The Achilles' heel of prevention to mother-to-child transmission of HIV: Protocol implementation, uptake, and sustainability

Violeta J. Rodriguez, Richard P. LaCabe, C. Kyle Privette, K. Marie Douglass, Karl Peltzer, Gladys Matseke, Audrey Mathebula, Shandir Ramlagan, Sibusiso Sifunda, Guillermo J Prado, Viviana Horigian, Stephen M Weiss, Deborah Jones

Research output: Contribution to journalArticle

10 Citations (Scopus)

Abstract

The Joint United Nations Programme on HIV and AIDS proposed to reduce the vertical transmission of HIV from ∼72,200 to ∼8300 newly infected children by 2015 in South Africa (SA). However, cultural, infrastructural, and socio-economic barriers hinder the implementation of the prevention of mother-to-child transmission (PMTCT) protocol, and research on potential solutions to address these barriers in rural areas is particularly limited. This study sought to identify challenges and solutions to the implementation, uptake, and sustainability of the PMTCT protocol in rural SA. Forty-eight qualitative interviews, 12 focus groups discussions (n = 75), and one two-day workshop (n = 32 participants) were conducted with district directors, clinic leaders, staff, and patients from 12 rural clinics. The delivery and uptake of the PMTCT protocol was evaluated using the Consolidated Framework for Implementation Research (CFIR); 15 themes associated with challenges and solutions emerged. Intervention characteristics themes included PMTCT training and HIV serostatus disclosure. Outer-setting themes included facility space, health record management, and staff shortage; inner-setting themes included supply use and availability, staff-patient relationship, and transportation and scheduling. Themes related to characteristics of individuals included staff relationships, initial antenatal care visit, adherence, and culture and stigma. Implementation process themes included patient education, test results delivery, and male involvement. Significant gaps in care were identified in rural areas. Information obtained from participants using the CFIR framework provided valuable insights into solutions to barriers to PMTCT implementation. Continuously assessing and correcting PMTCT protocol implementation, uptake and sustainability appear merited to maximize HIV prevention.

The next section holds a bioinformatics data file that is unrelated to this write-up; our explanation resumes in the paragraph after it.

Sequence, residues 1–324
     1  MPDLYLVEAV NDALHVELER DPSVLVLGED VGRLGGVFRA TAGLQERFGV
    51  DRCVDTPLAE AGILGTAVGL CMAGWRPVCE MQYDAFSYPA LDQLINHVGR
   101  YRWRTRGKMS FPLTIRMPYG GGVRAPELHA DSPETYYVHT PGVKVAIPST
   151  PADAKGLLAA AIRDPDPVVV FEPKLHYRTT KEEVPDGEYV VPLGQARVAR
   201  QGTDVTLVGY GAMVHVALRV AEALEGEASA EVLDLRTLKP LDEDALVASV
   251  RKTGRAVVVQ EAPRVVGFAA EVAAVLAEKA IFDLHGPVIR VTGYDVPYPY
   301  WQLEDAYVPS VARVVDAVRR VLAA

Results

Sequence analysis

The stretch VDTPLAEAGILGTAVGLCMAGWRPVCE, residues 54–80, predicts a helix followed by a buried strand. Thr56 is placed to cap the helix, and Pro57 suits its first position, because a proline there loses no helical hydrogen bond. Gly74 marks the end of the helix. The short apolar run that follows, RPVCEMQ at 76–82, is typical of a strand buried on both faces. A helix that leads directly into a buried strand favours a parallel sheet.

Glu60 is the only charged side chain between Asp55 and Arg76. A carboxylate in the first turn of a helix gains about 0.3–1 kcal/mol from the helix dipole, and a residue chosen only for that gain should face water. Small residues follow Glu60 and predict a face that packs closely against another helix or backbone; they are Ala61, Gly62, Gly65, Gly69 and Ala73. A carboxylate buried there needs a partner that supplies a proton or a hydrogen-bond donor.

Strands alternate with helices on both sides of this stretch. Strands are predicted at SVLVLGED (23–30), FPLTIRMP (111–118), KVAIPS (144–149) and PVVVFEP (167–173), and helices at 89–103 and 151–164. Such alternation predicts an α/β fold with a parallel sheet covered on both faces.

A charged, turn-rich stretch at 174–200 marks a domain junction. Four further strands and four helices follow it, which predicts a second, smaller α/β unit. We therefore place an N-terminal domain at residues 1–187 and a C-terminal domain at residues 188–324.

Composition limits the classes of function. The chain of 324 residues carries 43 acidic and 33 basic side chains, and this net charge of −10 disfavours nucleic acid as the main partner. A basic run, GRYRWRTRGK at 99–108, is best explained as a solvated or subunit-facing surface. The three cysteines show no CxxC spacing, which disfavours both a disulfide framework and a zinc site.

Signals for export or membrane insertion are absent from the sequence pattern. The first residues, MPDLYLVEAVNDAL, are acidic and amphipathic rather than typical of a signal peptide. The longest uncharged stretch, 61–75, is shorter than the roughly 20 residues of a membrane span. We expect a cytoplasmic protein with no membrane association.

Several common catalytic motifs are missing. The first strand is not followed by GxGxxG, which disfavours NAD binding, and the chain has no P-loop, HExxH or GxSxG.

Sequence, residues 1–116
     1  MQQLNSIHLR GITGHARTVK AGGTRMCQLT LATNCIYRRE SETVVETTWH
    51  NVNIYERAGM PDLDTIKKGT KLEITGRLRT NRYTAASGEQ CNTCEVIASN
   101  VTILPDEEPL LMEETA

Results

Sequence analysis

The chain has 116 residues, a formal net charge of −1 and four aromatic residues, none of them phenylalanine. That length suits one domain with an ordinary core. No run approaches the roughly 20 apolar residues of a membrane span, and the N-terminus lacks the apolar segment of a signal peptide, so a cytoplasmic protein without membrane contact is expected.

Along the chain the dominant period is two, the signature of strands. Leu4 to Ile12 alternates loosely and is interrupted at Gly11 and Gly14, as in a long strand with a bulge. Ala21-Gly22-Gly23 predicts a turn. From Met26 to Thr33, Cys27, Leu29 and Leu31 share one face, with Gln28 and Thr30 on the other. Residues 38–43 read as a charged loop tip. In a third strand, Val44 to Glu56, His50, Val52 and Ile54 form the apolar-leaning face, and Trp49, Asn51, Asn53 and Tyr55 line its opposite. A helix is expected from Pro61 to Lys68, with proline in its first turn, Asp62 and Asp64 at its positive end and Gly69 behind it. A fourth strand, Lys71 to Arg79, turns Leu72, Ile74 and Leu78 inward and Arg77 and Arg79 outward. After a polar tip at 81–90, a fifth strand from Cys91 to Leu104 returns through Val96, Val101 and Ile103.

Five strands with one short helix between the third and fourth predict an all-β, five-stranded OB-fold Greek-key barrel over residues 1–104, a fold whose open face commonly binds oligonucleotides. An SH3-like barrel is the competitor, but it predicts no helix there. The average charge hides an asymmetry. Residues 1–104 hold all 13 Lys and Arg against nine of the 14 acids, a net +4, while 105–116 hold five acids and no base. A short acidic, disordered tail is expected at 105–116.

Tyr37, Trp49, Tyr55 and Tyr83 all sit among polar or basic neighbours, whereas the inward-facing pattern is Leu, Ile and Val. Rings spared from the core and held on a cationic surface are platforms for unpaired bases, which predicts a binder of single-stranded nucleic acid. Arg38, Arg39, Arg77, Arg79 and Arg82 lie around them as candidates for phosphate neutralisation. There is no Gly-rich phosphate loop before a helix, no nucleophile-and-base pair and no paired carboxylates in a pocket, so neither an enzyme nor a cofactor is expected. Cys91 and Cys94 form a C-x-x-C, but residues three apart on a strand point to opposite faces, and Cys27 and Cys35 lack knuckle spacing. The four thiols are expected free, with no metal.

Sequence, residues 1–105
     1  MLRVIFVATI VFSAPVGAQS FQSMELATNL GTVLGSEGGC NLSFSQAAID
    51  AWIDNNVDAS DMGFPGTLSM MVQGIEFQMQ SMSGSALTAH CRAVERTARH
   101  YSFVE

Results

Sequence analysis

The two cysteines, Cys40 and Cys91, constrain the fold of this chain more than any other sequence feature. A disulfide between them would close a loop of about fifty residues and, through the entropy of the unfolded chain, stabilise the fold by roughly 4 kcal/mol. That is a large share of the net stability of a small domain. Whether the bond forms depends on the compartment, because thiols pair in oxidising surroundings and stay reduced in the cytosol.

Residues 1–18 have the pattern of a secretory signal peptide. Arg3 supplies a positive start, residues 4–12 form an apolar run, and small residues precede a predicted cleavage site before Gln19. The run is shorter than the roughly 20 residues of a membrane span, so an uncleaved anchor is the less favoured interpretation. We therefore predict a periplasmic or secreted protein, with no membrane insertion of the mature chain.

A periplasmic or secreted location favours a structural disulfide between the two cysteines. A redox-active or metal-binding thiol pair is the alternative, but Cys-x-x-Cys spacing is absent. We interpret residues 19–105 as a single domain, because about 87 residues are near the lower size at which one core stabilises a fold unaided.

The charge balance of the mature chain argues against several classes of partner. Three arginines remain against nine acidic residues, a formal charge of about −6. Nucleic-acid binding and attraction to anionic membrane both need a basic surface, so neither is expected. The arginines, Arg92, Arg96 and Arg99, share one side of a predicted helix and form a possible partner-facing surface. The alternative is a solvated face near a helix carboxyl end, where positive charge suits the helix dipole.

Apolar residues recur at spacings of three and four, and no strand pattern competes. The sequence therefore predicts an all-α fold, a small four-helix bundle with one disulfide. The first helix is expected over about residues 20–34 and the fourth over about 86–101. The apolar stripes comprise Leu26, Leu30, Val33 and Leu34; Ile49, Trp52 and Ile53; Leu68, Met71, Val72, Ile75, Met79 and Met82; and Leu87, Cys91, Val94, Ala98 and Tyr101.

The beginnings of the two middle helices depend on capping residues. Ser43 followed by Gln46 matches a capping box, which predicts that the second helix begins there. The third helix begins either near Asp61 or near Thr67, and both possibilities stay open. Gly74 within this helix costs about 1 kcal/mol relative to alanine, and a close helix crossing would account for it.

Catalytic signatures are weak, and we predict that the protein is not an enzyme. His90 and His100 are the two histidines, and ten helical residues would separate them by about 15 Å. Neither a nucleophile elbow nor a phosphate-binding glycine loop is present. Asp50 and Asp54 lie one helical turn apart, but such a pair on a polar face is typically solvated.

Original languageEnglish (US)
Pages (from-to)38-52
Number of pages15
JournalSAHARA J : journal of Social Aspects of HIV/AIDS Research Alliance
Volume14
Issue number1
DOIs
StatePublished - Dec 1 2017

Fingerprint

sustainability
Mothers
HIV
staff
research implementation
South Africa
rural area
Transportation of Patients
Research
Forms and Records Control
Prenatal Care
United Nations
Health Facilities
Disclosure
Patient Education
Focus Groups
qualitative interview
group discussion
scheduling
shortage

Keywords

  • Afrique du Sud
  • HIV
  • implementation research
  • implementation science
  • PMTCT
  • prévention de la transmission mère-enfant (PMTE)
  • South Africa
  • VIH et le SIDA

ASJC Scopus subject areas

  • Health(social science)
  • Immunology and Allergy
  • Public Health, Environmental and Occupational Health
  • Infectious Diseases

Cite this

The Achilles' heel of prevention to mother-to-child transmission of HIV : Protocol implementation, uptake, and sustainability. / Rodriguez, Violeta J.; LaCabe, Richard P.; Privette, C. Kyle; Douglass, K. Marie; Peltzer, Karl; Matseke, Gladys; Mathebula, Audrey; Ramlagan, Shandir; Sifunda, Sibusiso; Prado, Guillermo J; Horigian, Viviana; Weiss, Stephen M; Jones, Deborah.

In: SAHARA J : journal of Social Aspects of HIV/AIDS Research Alliance, Vol. 14, No. 1, 01.12.2017, p. 38-52.

Research output: Contribution to journalArticle

Rodriguez, Violeta J. ; LaCabe, Richard P. ; Privette, C. Kyle ; Douglass, K. Marie ; Peltzer, Karl ; Matseke, Gladys ; Mathebula, Audrey ; Ramlagan, Shandir ; Sifunda, Sibusiso ; Prado, Guillermo J ; Horigian, Viviana ; Weiss, Stephen M ; Jones, Deborah. / The Achilles' heel of prevention to mother-to-child transmission of HIV : Protocol implementation, uptake, and sustainability. In: SAHARA J : journal of Social Aspects of HIV/AIDS Research Alliance. 2017 ; Vol. 14, No. 1. pp. 38-52.
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